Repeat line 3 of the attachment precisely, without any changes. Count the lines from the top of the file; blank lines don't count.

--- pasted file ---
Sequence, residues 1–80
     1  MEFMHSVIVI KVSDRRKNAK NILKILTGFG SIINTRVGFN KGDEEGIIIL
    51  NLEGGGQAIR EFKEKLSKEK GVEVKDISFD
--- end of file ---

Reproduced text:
    51  NLEGGGQAIR EFKEKLSKEK GVEVKDISFD